Emily DiSalvo / ctnewsjunkie
Pro-Choice protesters outside the state Capitol Tuesday (Emily DiSalvo / ctnewsjunkie)

HARTFORD, CT — Pro-choice organizers, protesters, and legislators met on the steps of the state Capitol Tuesday not only to condemn the passage of strict abortion laws in states like Alabama and Missouri, but to celebrate Connecticut’s commitment to a woman’s right to choose.

“I stand here today proud to live in the state of Connecticut,” House Minority Leader Themis Klarides said. “Proud because in 1990 Connecticut codified Roe v. Wade in our state constitution. Today we stand strong with people throughout the country whose voice is being threatened.”

The protest, which was led by Gretchen Raffa, director of Public Policy, Advocacy & Strategic Engagement at Planned Parenthood of Southern New England, was one of many events taking place across the country to stop abortion bans.

“This is a terrifying time for women in our country,” Raffa said. “We have seen rash and extreme abortion bans sweeping the country all with one goal in mind — to bring a direct challenge to Roe v. Wade.”

This National Day of Action comes just a week after Alabama signed the country’s most restrictive abortion ban into law in hopes of challenging Roe v. Wade in the Supreme Court. Other states such as Missouri and Georgia have followed in Alabama’s footsteps.

Speakers that included Gov. Ned Lamont, Attorney General William Tong, and Lt. Governor Susan Bysiewicz shunned these restrictive laws but seized the opportunity to highlight Connecticut’s stance on the issue.

“We respect women’s reproductive healthcare and their ability to make decisions about their bodies,” Lt. Governor Susan Bysiewicz said before a crowd of cheering protesters.

Bysiewicz extended an invite to women business-owners in Alabama and Missouri to come to Connecticut because of the state’s commitment to women’s right to choose as well as its economy.

“We are fourth in the country in terms of helping entrepreneurs that are women,” Bysiewicz said. “We have access to the largest markets in the country. We have amazing trained and educated people ready to help businesses from outside our state, so we welcome you to our beautiful state of Connecticut and we stand with those fighting against this insidious and dangerous move to overturn Roe v. Wade.”

Bysiewicz’s invitation reaffirmed a letter she and Lamont sent Monday to business owners in Alabama, Missouri, and Georgia detailing the economic benefits of relocating their businesses to a women-friendly state like Connecticut.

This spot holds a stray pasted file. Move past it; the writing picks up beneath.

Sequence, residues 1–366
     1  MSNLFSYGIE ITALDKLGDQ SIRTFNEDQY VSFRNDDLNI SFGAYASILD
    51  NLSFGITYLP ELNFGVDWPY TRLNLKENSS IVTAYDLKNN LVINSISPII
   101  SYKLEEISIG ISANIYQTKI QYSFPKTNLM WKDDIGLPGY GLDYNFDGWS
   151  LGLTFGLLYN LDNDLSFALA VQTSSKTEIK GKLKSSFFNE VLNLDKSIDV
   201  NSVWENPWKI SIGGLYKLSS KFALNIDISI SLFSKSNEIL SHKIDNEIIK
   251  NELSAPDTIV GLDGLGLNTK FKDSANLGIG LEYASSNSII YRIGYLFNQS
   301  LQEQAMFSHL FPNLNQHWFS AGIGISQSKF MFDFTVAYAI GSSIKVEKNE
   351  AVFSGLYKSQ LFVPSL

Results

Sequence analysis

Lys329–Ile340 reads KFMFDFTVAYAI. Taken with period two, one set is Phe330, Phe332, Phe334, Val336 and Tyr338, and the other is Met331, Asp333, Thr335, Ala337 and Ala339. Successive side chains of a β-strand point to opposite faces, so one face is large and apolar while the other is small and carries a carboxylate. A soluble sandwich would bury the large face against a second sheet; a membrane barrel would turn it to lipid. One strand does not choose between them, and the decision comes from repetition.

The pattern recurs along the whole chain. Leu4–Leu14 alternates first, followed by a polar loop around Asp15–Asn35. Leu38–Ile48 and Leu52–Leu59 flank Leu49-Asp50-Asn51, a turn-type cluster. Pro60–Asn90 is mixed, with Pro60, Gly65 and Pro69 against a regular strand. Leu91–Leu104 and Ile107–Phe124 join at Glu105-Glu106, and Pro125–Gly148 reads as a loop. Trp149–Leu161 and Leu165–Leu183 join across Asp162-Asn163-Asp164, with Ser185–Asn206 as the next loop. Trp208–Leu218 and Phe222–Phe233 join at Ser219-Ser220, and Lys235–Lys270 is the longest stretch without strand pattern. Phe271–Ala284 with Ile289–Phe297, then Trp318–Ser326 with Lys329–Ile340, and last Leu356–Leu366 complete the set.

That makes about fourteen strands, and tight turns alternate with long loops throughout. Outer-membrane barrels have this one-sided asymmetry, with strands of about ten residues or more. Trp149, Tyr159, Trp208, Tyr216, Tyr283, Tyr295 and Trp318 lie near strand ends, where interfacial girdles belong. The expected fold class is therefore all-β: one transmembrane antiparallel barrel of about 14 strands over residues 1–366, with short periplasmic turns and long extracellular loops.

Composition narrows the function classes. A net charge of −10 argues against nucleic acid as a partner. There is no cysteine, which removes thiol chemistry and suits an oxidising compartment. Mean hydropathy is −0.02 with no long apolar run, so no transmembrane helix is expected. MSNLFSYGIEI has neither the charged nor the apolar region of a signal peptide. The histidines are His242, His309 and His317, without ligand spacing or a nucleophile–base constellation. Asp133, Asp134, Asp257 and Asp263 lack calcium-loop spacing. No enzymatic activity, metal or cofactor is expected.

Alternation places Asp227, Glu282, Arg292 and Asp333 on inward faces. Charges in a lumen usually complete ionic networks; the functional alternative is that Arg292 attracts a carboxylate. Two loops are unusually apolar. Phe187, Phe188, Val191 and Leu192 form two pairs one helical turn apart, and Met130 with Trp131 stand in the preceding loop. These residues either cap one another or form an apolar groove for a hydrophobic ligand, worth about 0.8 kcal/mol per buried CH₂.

The letter paints Connecticut as a champion of reproductive rights.

“We are equally as proud of our commitment to the causes of women,” the letter stated. “The recently created Governor’s Council on Women and Girls, for example, clearly illustrates the ways in which we prioritize the potential of ALL members of our society.”

Lamont also addressed the crowd and started his remarks by reading aloud some of the phrases written on the signs dotting the crowd of protesters gathered around the steps of the capitol.

“I love these signs. ‘Connecticut, don’t even think about it,’” he read from a bold cardboard sign. He then retorted, “America, don’t even think about it.”

Lamont called for Connecticut to be a unified front against injustices playing out across the country.

“It’s one Connecticut,” Lamont said. “We’re going to make sure it’s one across the country.”

He also addressed the letter written to women CEOs.

“Look, they’re living in a state where they’re not respecting your rights,” Lamont said. “They’re not respecting women. Come on up to Connecticut. We’re going to fight this war on multiple different fronts. This is where you want to be. A state that loves and protects women and our rights.”

Emily DiSalvo / ctnewsjunkie
Protesters lock arms (Emily DiSalvo / ctnewsjunkie)

Maddison Martin, a nursing student at Central Connecticut State University, said she attended the protest because she is really passionate about stopping the spread of medical misinformation about abortion. She agrees with legislators that Connecticut is a safe place for women who feel deprived of their rights.

“I think if people need access to health care, any reproductive healthcare, they should definitely come to Connecticut,” Martin said.

Tong encouraged the crowd to link arms to demonstrate how Connecticut citizens serve as a “firewall” against unjust laws that ban abortion.

“If you want to ban abortion, if you want to dismantle a system of healthcare for American women that has existed for decades, you are going to have to come through all of us,” Tong said to the screaming crowd of protesters standing arm-in-arm. “And we are not afraid of you.”